On the eve of resumed nuclear diplomacy, Iran refused to cooperate with the U.N. watchdog agency responsible for monitoring its nuclear program. At the quarterly meeting of the International Atomic Energy Agency (IAEA), held from November 24 to 26, IAEA Director General Rafael Grossi told the 35-nation Board of Governors that his negotiations in Tehran on several outstanding disputes were “inconclusive.” Iran was stonewalling investigations into past activities and had turned back inspectors at a facility that manufactures parts for centrifuges used to enrich uranium.
Grossi in Tehran
Grossi held talks with Iranian officials in Tehran on November 22 and 23 in a last-minute effort to reach a deal before the IAEA meeting began on November 24 – and before talks between Iran and the world’s six major powers on restoring the 2015 nuclear deal resumed on November 29.
“In terms of the substance... we were not able to make progress,” Grossi told reporters on November 24. “We are close to the point where I would not be able to guarantee continuity of knowledge” at the Karaj facility, which produces parts for centrifuges. Centrifuges can enrich uranium to produce fuel for nuclear reactors or weapons.
Related Material: Explainer: Iran’s Centrifuges
In June 2021, the Karaj site was sabotaged, and Iran removed four IAEA cameras, allegedly because they were damaged. Tehran blamed Israel for the attack. Inspectors have tried to replace the cameras three times. The IAEA has not confirmed if Karaj is operational. But in November, The Wall Street Journal reported that Iran had resumed production at Karaj in late August and had manufactured components for 170 advanced centrifuges.
Iranian officials were more upbeat about Grossi’s visit. They tried to reach a deal “until the last moment,” Behrouz Kamalvandi, the spokesperson for the Atomic Energy Organization of Iran, told local media. Foreign Minister Hossein Amir-Abdollahian said that a “common declaration” had been agreed and would be published “as soon as possible.”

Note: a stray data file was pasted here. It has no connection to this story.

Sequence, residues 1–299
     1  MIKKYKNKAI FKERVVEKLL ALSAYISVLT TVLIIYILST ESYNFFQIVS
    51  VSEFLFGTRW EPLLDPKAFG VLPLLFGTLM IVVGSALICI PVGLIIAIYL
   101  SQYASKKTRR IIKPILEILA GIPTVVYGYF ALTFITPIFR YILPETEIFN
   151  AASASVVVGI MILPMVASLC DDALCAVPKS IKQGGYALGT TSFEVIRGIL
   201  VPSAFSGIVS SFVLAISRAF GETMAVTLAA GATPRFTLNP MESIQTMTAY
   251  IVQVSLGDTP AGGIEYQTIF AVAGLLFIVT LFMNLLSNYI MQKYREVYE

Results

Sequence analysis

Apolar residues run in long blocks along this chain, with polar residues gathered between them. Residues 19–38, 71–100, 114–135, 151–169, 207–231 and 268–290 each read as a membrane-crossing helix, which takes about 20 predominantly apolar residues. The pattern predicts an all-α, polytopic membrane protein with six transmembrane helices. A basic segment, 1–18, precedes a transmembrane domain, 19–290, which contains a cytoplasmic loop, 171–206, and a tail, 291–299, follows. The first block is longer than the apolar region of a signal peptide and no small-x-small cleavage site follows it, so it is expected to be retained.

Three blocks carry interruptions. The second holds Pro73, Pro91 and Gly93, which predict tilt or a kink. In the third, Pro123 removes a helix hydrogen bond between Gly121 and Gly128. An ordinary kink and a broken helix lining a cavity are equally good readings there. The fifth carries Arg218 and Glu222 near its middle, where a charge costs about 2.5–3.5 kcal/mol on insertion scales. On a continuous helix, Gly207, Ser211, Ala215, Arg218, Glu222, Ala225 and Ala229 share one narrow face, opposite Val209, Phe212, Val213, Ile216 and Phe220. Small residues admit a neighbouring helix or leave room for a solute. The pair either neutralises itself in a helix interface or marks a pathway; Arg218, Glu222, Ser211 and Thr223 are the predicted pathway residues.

The United States said that “Iran's failure to cooperate is a bad sign about their seriousness” in talks with the world’s six major powers, which resumed after a five-month hiatus on November 29.
IAEA Board of Governors Meeting
After Grossi outlined outstanding safeguards issues, the IAEA board did not formally censure Iran. But the United States warned that the situation was not sustainable. “If Iran’s non-cooperation is not immediately remedied,” Louis Bono, the US Chargé d’Affaires in Vienna, said, “the Board will have no choice but to reconvene in extraordinary session before the end of this year in order to address the crisis.”
Britain, France and Germany condemned Iran’s behavior as well. “Iran has continued its systematic nuclear escalation, thereby permanently and irreversibly upgrading its nuclear capabilities and exposing the international community to significant risk,” they said in a joint statement. “While expanding its nuclear activities, Iran has also considerably reduced crucial cooperation with the IAEA and seriously undermined the Agency’s ability to monitor the Iranian programme.”
If the disputes are not resolved, the Board could refer Iran to the U.N. Security Council, which has the power to impose economic sanctions. Between 2006 and 2010, the Security Council passed six resolutions and imposed sanctions on Iran for failing to cooperate with the IAEA.
New Activities at Fordo
Following the meeting, the IAEA reported on December 1 that Iran had started enriching uranium up to 20 percent at the underground Fordo facility. It was the latest breach of the 2015 nuclear deal, which bans uranium enrichment at the site until 2031. Iran was producing the uranium using 166 advanced IR-6 centrifuges. The IAEA said that it would increase the frequency of inspections at Fordo in response to the move.
The following are excerpts from statements at the IAEA Board of Governors meeting by Grossi, the United States and European powers.
IAEA Director General Rafael Grossi
Statement on Nov. 24, 2021: “Having returned yesterday from Tehran, I am ready to update you on the safeguards situation regarding Iran. I had extensive negotiations with senior Iranian officials to address Iran’s outstanding safeguards issues. As I will report, these negotiations proved inconclusive.”
“Up to 23 February 2021, the Agency verified and monitored the implementation by Iran of its nuclear-related commitments under the JCPOA. However, since that date, these activities have been seriously undermined as a result of Iran’s decision to stop the implementation of its nuclear-related commitments under the JCPOA, including the Additional Protocol.
“In the absence of regular Agency access to its surveillance and monitoring equipment at all facilities and locations in Iran in relation to the JCPOA, the Agency considers the temporary agreement I reached with Iran in February 2021 facilitated the maintenance of continuity of knowledge. However, the repeated prolongation of the agreement, which has now been in place for around nine months, is becoming a significant challenge to the Agency’s ability to restore this continuity of knowledge.
“In addition, contrary to the agreement reached between the Agency and Iran on 12 September 2021, the lack of access to the Karaj workshop has meant that the restoration of surveillance and monitoring at all of Iran’s facilities and locations in relation to the JCPOA could not be completed. This is seriously affecting the Agency’s ability to restore continuity of knowledge at the workshop, which has been widely recognised as essential in relation to a return to the JCPOA.